Capacity limits for Saudi citizens and residents performing umrah rituals have been increased to 75 percent, according to the state-run Saudi Press Agency (SPA).
The move is part of the kingdom’s second phase of gradual resumption of visits, which allows for prayers in the Grand Mosque and the Prophet’s Mosque in Madinah.
Saudi Arabia to resume umrah pilgrimage to Makkah from October 4
Gulf kingdom had suspended the umrah in March and later scaled back the annual hajj amid fears that the coronavirus could spread to Islam’s holiest sites
According to the executive plan, drawn up by government agencies, this will see a maximum of 15,000 umrah performers and 40,000 worshippers per day.
The report said that each group will be allocated three hours only to complete umrah and “they will also be allowed to pray at Al-Rawadah Al-Sharifah, inside the Mosque of the Prophet Muhammad (PBUH) and greet the Prophet and his companions by 75 percent of the capacity that takes into account the precautionary health measures at Al-Rawadah Al-Sharifah of the Prophet’s Mosque”.
In a recent interview with CNN’s Becky Anderson, Saudi Arabia’s Assistant Minister of Health, Dr Mohammed Al-Abdulaali, said that measures, including more than 100 protocols, have been implemented to ensure the safety of the pilgrimage of Muslims to Makkah.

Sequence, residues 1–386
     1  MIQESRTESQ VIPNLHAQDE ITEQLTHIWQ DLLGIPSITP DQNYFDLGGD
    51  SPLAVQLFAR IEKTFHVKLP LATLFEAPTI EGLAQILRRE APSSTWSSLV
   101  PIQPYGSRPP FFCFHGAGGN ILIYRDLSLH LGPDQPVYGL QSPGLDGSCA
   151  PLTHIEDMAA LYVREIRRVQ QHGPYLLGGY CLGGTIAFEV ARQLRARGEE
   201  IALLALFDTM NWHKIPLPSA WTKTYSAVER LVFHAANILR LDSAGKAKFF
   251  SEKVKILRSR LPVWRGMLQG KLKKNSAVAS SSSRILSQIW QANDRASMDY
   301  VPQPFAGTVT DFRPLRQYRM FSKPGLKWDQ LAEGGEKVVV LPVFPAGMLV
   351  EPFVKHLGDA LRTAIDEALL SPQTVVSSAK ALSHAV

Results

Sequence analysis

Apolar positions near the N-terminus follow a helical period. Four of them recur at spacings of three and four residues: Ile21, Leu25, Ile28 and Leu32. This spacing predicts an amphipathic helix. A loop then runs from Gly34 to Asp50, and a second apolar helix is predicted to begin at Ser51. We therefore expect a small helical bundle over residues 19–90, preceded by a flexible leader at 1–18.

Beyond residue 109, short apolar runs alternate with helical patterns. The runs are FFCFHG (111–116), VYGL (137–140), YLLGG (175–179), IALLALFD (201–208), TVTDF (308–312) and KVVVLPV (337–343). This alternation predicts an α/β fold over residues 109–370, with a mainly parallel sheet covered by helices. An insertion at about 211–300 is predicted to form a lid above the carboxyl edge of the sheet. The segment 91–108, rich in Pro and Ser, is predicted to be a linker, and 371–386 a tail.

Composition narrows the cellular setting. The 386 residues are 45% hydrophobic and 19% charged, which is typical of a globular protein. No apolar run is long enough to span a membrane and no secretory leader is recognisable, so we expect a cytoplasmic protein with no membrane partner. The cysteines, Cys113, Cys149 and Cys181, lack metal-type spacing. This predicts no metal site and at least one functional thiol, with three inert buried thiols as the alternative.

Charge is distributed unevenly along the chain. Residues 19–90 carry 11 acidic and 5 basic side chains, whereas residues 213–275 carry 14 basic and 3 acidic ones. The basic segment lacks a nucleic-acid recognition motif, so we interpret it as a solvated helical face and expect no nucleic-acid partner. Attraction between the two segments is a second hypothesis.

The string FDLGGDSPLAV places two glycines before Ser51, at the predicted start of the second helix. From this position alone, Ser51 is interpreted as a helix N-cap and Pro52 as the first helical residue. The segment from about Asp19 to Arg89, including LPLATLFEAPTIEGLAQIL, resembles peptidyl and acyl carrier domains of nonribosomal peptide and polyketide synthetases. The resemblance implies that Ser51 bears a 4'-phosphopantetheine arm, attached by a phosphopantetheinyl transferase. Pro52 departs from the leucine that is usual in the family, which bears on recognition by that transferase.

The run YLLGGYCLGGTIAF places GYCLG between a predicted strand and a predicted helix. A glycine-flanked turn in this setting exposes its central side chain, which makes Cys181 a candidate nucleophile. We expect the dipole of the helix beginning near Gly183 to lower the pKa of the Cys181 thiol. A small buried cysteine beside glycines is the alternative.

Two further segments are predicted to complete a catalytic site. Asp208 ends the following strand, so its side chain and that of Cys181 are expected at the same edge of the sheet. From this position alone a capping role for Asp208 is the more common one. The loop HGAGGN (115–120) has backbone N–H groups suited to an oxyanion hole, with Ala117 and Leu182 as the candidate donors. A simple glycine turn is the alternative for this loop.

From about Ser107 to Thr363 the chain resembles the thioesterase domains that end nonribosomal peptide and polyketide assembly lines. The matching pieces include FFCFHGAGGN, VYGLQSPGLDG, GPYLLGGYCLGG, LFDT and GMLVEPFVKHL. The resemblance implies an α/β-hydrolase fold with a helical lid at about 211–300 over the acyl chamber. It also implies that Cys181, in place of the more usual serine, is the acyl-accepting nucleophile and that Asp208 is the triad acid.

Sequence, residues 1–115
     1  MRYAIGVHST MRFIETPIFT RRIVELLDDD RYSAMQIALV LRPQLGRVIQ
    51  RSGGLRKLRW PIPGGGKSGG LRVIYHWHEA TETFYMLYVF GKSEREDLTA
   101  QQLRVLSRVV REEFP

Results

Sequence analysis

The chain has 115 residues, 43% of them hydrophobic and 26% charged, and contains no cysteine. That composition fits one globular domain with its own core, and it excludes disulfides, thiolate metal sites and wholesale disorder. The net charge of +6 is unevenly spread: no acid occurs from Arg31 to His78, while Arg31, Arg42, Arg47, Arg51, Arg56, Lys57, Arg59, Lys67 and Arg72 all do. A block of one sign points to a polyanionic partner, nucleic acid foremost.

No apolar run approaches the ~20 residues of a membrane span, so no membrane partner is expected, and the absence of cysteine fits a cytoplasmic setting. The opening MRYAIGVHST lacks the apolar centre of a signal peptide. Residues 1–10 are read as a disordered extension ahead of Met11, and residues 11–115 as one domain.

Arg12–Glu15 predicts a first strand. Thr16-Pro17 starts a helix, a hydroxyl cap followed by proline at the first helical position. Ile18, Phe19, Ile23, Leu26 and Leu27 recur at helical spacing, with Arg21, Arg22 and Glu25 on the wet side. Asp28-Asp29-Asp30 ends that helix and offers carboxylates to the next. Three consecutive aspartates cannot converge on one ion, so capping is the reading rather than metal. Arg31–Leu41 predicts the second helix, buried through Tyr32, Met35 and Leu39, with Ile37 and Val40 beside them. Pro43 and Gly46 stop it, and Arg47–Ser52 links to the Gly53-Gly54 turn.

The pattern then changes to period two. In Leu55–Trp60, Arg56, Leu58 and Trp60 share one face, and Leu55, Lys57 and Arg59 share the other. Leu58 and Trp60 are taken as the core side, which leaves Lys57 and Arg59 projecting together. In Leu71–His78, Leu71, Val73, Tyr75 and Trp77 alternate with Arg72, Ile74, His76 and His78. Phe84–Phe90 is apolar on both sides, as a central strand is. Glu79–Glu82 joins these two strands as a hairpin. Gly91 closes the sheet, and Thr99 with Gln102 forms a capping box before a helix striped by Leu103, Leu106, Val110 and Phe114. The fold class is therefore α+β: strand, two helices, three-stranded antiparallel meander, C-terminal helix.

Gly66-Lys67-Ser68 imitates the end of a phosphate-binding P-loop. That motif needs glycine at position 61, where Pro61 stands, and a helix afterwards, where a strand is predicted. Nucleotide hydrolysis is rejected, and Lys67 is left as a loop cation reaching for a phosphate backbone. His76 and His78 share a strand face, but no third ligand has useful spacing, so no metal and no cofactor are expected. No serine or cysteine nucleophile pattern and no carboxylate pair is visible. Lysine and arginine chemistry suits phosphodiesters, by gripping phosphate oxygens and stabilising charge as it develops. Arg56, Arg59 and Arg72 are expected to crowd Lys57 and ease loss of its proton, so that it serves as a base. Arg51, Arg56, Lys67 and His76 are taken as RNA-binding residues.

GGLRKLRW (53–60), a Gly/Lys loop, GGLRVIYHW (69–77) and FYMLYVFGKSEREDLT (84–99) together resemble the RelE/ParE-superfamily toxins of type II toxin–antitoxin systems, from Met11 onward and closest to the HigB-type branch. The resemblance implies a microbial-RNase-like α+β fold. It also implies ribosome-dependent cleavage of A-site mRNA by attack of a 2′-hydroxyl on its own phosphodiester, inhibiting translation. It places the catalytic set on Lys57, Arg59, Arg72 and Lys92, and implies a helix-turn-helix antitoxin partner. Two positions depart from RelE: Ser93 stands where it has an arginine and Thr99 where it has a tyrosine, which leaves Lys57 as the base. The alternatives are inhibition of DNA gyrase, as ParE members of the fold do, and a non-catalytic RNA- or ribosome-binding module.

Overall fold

Al-Abdulaali stated that no one in high-risk categories can participate in the pilgrimage, but anyone can get a test, and treatment, free of charge regardless of status.
The umrah, the pilgrimage that can be undertaken at any time, usually attracts millions of Muslims from across the globe each year, but it was suspended in March due to the coronavirus pandemic.
It is being revived in three phases, with Saudi Hajj Minister Mohammad Benten saying earlier this month that 6,000 pilgrims per day will be allowed in the first stage to perform the umrah.
A raft of precautions have been adopted to ward off any outbreaks during the umrah. The revered Black Stone in the eastern corner of the Kaaba – which it is customary but not mandatory to touch during the pilgrimage – will be out of reach, while the Grand Mosque will be sterilised before and after each group of worshippers.
Visitors from abroad will be permitted in the third stage from November 1, when capacity will be raised to 20,000 and 60,000, respectively.